He Made Over His Childhood Kitchen, Now It's Cozy-Chic
Making over the place you grew up in is the most meaningful kind of reno. HGTV Magazine shows you around this sweet kitchen.
Restaurant owners Trae and Carolyn Lamond were on the hunt for a home in Alexandria, Virginia, with a great kitchen. Trae’s parents had the solution: their place, a 1920s farmhouse where he’d been raised. “They had decided to sell and thought it would be cool to keep it in the family,” says Trae. Although the cooking space wasn’t quite the couple’s idea of foodie heaven, with its small footprint and dark cabinetry, the family-friendly neighborhood and dearth of other prospects won out. After tapping design/build team Michelle and Kevin Schmauder, they upped the size by merging it with the dining room; put in an island and new cabinetry; and ended up with a bright, cheerful spot. When Trae’s folks first came to see it, there was just a little sellers’ regret: “They said they wished they’d done the same 30 years ago!”
Sorry, mom, had to change the wallpaper! Added shelving nooks that flank the windows got a quirky botanical print by Boråstapeter as a backdrop. It makes the couple’s knickknacks, jugs, and jars look even more whimsical.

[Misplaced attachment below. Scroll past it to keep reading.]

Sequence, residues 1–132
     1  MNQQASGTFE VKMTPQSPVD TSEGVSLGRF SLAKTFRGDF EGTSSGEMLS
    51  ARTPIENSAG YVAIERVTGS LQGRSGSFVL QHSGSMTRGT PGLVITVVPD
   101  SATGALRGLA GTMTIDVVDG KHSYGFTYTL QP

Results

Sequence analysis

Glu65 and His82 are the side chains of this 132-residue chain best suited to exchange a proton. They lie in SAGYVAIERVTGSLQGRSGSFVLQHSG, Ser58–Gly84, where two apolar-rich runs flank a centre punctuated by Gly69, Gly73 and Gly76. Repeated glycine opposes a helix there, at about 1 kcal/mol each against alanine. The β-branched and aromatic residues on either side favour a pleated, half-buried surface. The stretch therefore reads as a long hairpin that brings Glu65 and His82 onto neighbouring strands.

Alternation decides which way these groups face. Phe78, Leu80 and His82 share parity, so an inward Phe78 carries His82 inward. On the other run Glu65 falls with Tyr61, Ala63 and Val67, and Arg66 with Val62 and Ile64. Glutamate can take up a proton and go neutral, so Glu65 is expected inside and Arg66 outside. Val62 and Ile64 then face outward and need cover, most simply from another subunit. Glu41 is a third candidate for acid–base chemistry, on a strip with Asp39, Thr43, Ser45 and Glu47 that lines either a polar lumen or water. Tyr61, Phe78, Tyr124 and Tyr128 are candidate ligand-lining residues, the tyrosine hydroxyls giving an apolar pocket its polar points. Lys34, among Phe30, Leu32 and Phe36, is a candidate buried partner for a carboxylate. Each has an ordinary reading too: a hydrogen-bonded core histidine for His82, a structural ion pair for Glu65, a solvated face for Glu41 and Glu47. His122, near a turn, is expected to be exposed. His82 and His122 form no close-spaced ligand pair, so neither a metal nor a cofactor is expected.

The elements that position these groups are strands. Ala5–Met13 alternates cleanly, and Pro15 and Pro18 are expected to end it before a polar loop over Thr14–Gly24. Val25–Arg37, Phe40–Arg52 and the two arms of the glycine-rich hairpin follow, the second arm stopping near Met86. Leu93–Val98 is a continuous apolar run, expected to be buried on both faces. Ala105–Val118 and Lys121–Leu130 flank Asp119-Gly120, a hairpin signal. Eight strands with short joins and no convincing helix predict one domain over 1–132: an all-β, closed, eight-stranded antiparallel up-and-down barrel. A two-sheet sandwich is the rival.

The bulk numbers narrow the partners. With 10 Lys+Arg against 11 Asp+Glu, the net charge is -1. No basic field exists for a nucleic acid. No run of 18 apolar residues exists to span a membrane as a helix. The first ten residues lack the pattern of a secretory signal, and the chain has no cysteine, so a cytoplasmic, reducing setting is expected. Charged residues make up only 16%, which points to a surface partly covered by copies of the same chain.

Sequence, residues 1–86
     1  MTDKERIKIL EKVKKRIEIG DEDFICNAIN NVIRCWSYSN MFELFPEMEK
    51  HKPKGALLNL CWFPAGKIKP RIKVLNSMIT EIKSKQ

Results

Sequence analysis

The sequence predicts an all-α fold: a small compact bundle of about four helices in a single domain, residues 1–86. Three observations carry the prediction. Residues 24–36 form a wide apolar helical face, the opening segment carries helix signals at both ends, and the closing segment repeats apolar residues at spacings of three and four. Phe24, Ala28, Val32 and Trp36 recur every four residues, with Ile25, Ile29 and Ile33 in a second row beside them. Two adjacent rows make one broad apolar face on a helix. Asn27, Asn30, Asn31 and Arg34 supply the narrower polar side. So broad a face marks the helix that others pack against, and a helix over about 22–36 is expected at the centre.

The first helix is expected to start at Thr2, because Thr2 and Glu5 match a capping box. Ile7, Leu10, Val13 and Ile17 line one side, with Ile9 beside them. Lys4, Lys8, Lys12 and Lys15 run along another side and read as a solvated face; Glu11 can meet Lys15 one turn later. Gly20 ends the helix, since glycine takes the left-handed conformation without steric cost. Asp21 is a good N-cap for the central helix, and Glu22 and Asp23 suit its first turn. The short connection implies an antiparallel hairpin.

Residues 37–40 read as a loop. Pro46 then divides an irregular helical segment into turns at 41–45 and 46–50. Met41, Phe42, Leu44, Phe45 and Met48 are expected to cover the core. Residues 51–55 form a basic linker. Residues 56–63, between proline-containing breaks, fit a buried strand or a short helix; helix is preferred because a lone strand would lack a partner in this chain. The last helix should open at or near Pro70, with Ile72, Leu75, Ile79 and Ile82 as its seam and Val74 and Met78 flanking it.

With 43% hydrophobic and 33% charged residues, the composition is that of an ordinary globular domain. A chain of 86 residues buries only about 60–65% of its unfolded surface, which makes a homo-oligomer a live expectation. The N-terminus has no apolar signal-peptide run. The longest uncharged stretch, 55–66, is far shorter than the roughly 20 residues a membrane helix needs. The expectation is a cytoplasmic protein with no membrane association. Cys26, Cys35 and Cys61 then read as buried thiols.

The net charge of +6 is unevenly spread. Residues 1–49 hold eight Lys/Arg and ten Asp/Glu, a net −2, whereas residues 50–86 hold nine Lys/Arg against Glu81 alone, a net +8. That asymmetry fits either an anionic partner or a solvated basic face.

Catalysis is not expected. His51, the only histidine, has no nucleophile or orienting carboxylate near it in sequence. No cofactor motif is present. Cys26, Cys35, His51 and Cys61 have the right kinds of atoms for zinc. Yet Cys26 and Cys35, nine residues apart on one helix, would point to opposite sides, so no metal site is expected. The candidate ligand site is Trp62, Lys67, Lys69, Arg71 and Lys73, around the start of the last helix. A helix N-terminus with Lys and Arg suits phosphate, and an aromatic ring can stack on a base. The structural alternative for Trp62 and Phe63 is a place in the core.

The workhorse of the room looks like a nice piece of furniture with vintage red oak banisters that serve as legs. “We planned the shape to house my cookbook collection,” says Carolyn. “Now I have easy access.”
Trae was particularly eager to ditch the gray linoleum (underneath it: very ’70s yellow hex tiles he used to roller-skate on). Red oak with a rich stain — Special Walnut by Minwax — infuses the room with warmth.
The Lamonds briefly considered white for the cabinets, “but it felt too plain-Jane for us,” says Trae. Minty green has a retro feel that speaks to the home’s age, and it’s just dark enough to hide scuffs and fingerprints. Most of the cabinetry is made up of drawers, some of them extra deep for storing large dishes and pots. (Paint color: Harrisburg Green by Benjamin Moore)